How a DUI affects your Insurance Rates

The perils of operating a motor vehicle after drinking or drug use can have a number of serious consequences. As well as putting the lives of other road users and pedestrians at risk, motorists who drive while intoxicated also run the risk of picking up a DUI (driving under the influence) conviction.

Although DUI cases are handled differently from state to state, most motorists will be expected to complete a form issued by their insurance company if they are convicted of driving under the influence of alcohol or narcotics. This form is called a SR-22 and serves as proof that DUI liability insurance has been purchased. A record of purchase will be held with the local Department of Vehicles and the respective insurance company.

Once a SR-22 has been filed against the name of a motorist, insurance rates will usually increase dramatically. Indeed, many major insurers will refuse to cover a motorist with a DUI conviction and although there are a growing number of specialist companies that claim to help those with a less-than-perfect driving record, premiums are normally highly inflated to accommodate the factor of risk associated with DUI drivers.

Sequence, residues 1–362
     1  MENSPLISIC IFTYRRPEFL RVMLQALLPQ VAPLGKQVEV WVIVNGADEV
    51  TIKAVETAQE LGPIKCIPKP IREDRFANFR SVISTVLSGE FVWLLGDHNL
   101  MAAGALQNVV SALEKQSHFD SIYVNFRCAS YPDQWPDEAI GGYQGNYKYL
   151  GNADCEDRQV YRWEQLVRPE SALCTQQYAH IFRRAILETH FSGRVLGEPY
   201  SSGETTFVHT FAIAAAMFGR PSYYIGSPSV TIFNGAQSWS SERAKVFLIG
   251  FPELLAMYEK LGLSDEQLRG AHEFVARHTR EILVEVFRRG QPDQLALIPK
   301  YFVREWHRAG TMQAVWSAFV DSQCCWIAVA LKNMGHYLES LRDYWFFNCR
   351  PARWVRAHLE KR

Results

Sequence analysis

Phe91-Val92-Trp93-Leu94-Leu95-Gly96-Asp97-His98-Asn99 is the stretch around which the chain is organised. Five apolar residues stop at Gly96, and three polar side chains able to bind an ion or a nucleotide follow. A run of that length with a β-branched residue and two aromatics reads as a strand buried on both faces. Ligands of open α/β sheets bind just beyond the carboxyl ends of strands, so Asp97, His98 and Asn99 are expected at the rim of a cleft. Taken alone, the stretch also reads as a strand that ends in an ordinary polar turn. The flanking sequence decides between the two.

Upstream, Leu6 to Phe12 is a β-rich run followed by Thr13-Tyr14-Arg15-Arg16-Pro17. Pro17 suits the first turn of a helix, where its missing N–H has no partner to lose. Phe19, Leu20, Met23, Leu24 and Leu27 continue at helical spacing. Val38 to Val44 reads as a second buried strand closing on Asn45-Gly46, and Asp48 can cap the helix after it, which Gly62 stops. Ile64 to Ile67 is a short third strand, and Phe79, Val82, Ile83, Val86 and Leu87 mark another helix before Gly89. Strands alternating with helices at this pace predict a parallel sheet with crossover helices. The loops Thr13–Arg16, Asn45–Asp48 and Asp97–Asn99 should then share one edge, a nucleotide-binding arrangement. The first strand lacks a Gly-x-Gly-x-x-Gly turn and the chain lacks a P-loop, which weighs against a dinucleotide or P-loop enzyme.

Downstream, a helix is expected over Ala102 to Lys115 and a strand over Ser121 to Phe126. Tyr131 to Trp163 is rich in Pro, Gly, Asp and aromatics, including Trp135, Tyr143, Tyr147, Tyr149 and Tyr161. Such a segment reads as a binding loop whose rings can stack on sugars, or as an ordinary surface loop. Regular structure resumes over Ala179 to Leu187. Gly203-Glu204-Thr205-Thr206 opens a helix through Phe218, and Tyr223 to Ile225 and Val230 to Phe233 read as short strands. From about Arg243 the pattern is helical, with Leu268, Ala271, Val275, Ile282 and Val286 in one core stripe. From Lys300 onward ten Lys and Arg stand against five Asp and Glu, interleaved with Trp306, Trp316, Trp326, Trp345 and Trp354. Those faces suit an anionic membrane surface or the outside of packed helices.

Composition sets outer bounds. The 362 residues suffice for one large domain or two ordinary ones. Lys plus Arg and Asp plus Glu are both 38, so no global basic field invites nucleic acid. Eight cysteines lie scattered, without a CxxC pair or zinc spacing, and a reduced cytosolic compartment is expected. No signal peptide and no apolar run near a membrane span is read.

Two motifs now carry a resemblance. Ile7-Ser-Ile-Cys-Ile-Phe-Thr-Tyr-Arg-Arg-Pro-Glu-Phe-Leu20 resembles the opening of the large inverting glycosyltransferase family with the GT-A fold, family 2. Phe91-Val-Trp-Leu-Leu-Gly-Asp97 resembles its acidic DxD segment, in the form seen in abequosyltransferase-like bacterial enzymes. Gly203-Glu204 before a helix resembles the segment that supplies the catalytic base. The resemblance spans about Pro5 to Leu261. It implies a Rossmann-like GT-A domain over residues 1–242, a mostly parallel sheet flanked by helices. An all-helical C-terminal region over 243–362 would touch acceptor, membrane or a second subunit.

It is important to note that approximately 20% of all US states don’t use a SR-22 form after a DUI conviction and motorists could be excused for taking out an insurance policy without informing the carrier of their previous driving record. However, most motoring convictions are held on a central database and if evidence arises of a DUI against a motorist, an auto insurance policy can be cancelled with immediate effect and this will make obtaining future coverage even more difficult.

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